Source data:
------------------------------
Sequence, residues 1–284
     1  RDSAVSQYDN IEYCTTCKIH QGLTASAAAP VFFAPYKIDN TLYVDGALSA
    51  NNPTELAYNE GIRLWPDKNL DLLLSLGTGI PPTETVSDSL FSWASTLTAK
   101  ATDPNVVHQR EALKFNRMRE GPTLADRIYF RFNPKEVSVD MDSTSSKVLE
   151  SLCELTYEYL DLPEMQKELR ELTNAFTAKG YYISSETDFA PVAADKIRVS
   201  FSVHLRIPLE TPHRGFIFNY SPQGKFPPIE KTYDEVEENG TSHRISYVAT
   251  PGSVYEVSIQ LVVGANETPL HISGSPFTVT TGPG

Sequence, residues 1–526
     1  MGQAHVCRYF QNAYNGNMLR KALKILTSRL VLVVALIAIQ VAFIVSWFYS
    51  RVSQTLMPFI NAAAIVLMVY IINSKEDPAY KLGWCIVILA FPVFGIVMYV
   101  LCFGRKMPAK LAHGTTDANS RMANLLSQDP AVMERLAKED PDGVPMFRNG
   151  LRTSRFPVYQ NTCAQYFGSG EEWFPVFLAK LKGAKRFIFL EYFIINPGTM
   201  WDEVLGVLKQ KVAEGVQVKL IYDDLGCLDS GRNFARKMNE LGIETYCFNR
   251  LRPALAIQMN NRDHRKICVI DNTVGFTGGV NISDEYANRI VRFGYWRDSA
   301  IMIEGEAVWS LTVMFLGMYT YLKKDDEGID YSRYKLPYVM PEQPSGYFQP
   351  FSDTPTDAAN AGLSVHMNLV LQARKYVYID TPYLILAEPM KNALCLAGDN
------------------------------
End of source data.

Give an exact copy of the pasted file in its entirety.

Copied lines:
Sequence, residues 1–284
     1  RDSAVSQYDN IEYCTTCKIH QGLTASAAAP VFFAPYKIDN TLYVDGALSA
    51  NNPTELAYNE GIRLWPDKNL DLLLSLGTGI PPTETVSDSL FSWASTLTAK
   101  ATDPNVVHQR EALKFNRMRE GPTLADRIYF RFNPKEVSVD MDSTSSKVLE
   151  SLCELTYEYL DLPEMQKELR ELTNAFTAKG YYISSETDFA PVAADKIRVS
   201  FSVHLRIPLE TPHRGFIFNY SPQGKFPPIE KTYDEVEENG TSHRISYVAT
   251  PGSVYEVSIQ LVVGANETPL HISGSPFTVT TGPG

Sequence, residues 1–526
     1  MGQAHVCRYF QNAYNGNMLR KALKILTSRL VLVVALIAIQ VAFIVSWFYS
    51  RVSQTLMPFI NAAAIVLMVY IINSKEDPAY KLGWCIVILA FPVFGIVMYV
   101  LCFGRKMPAK LAHGTTDANS RMANLLSQDP AVMERLAKED PDGVPMFRNG
   151  LRTSRFPVYQ NTCAQYFGSG EEWFPVFLAK LKGAKRFIFL EYFIINPGTM
   201  WDEVLGVLKQ KVAEGVQVKL IYDDLGCLDS GRNFARKMNE LGIETYCFNR
   251  LRPALAIQMN NRDHRKICVI DNTVGFTGGV NISDEYANRI VRFGYWRDSA
   301  IMIEGEAVWS LTVMFLGMYT YLKKDDEGID YSRYKLPYVM PEQPSGYFQP
   351  FSDTPTDAAN AGLSVHMNLV LQARKYVYID TPYLILAEPM KNALCLAGDN